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Terrorism Risk Insurance Act: Time to Renew or Rethink?

Picture by Anthony Fomin.


This paper summarizes the U.S. program for terrorism insurance, outlines its advantages and disadvantages, and describes the current proposals for extension of the program. The program, generally referred to as a “Federal Backstop,” functions in some ways that are similar to reinsurance, but it does not require participants to pay premiums ex ante. Instead uses an ex post recoupment mechanism to recover some or all of the Federal payments made under the program. This approach has the advantage of reducing the cost and increasing the availability of terrorism insurance. Some have criticized the program for its interference in market mechanisms, but the program facilitated the development of the market underneath the backstop. The program does not cover NBCR risk, and some types of insurance are excluded. In addition, the program does not preempt state price regulation or the mandated use of the standard fire insurance policy, which provides coverage for ensuing fires after terrorism events. These weaknesses are not addressed by current proposed legislation to extend the program for seven years without any changes. The strong, bipartisan support for the proposed legislation suggests that it is likely to pass.

Keywords: Terror, Terrorism, Insurance, Insurers, September 11, Terrorism-related loss, Reinsurance, Terrorism Risk Insurance Act, TRIA, CNBR

I. Introduction

The September 11th terrorist attacks in the United States triggered a crisis in the market for terrorism insurance. After reinsurers paid out billions of dollars to cover terrorism losses, they stopped providing coverage for terrorism going forward. This caused primary insurers to exclude terrorism losses from their coverage. Because of a perceived drag on the U.S. economy from the unavailability terrorism coverage, the U.S. adopted the Terrorism Risk Insurance Act (“TRIA) in 2002. TRIA created a unique government-industry partnership to support the development of the terrorism insurance market. This program functions like reinsurance in that it will reimburse participating insurers for a portion of terrorism losses covered by their policies, but it does not charge ex ante premiums or maintain reserves like a reinsurer would. The program has been labeled a Federal “backstop” for terrorism insurance.

This paper describes the U.S. program for terrorism insurance, and explains the basis for the government’s involvement. Because of the unpredictable nature of terrorism, the Federal backstop is needed to limit the risk sufficient to reduce the price and availability of terrorism insurance. The paper addresses some of the objections to and weaknesses of the program.

II. Summary Description of the Terrorism Risk Insurance Program

A. Legislative History

TRIA was adopted in 2002 after insurers and reinsurers began excluding terrorism risk from insurance coverage in the wake of the September 11, 2001, terrorist attacks.(2) The exclusion of terrorism risk created a drag on the U.S. economy because banks were unwilling to lend on major construction projects without terrorism insurance.(3) In 2005, TRIA was extended for two years with an increase in the amount of insurers’ aggregate retention. (4) In 2007, the Act was extended to 2014 and modified to include domestic terrorism, to increase the amount of insurers’ aggregate retention again, and to raise the program trigger. (5) In 2015, the Act was extended to 2020, modified to increase the insurers’ aggregate retention, raised the program trigger, and revised the program in several other relatively minor ways.(6)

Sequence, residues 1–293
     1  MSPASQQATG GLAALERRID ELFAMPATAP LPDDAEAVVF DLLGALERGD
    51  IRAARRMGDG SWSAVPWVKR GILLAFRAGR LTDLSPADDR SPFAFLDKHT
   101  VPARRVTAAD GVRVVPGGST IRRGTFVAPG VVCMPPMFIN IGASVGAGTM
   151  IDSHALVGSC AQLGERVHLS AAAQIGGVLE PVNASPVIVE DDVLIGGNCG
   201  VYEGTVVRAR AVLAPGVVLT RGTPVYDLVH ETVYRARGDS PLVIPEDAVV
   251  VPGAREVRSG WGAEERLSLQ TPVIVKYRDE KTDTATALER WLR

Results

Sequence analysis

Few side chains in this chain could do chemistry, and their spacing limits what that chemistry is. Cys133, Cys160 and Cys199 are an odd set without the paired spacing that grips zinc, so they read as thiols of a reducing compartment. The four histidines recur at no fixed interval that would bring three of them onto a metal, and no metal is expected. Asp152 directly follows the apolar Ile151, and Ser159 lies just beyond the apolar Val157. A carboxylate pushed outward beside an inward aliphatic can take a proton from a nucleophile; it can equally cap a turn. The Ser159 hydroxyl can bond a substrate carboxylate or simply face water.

B. Coverage Under the Terrorism Risk Insurance Program

Under current law, the terrorism insurance program requires that commercial property and casualty insurers(7) offer terrorism coverage in the policies they are selling.(8) The program does not set the price of the insurance (though state regulation may apply), and does not require that insureds purchase terrorism coverage.

For a terrorism loss to be covered by the program, the event giving rise to the loss must be certified as an act of terrorism by the Secretary of the Treasury in consultation with the Secretary of Homeland Security, and property and casualty insurance losses from the event must exceed $5 million. (9) For the program to be “triggered” (giving insurers benefits under the program), insurance industry losses from the terrorism event must exceed $200 million in 2020. (10) In addition, for an individual insurer to receive benefits under the program, its losses must exceed a deductible equal to 20% of its annual direct earned premiums from the previous year.(11) Once the deductible has been met, as of 2020 insurers will be reimbursed for 80% of insured terrorism losses (12).

The program has an annual cap of $100 billion (13) (more than twice the losses from the September 11th attacks). If total insured losses exceed $100 billion in a calendar year, the program will not make additional payments,(14) and insurers that have met their deductible are relieved of any liability that exceeds the cap.(15)

Figure 1, adapted by the Congressional Research Service from an illustration prepared by the Congressional Budget Office, provides a graphical representation of the basic structure of the program, although it shows the aggregate loss trigger of $100 million and the individual insurer retention (coinsurance) of 15% in force in 2015. As of 2020, the program trigger is $200 million, and the individual insurer retention is 20%.

Suggested Citation:

Thomas, Jeffrey E., Terrorism Risk Insurance Act: Time to Renew . . . or Rethink? (December 8, 2019). Available at SSRN: or


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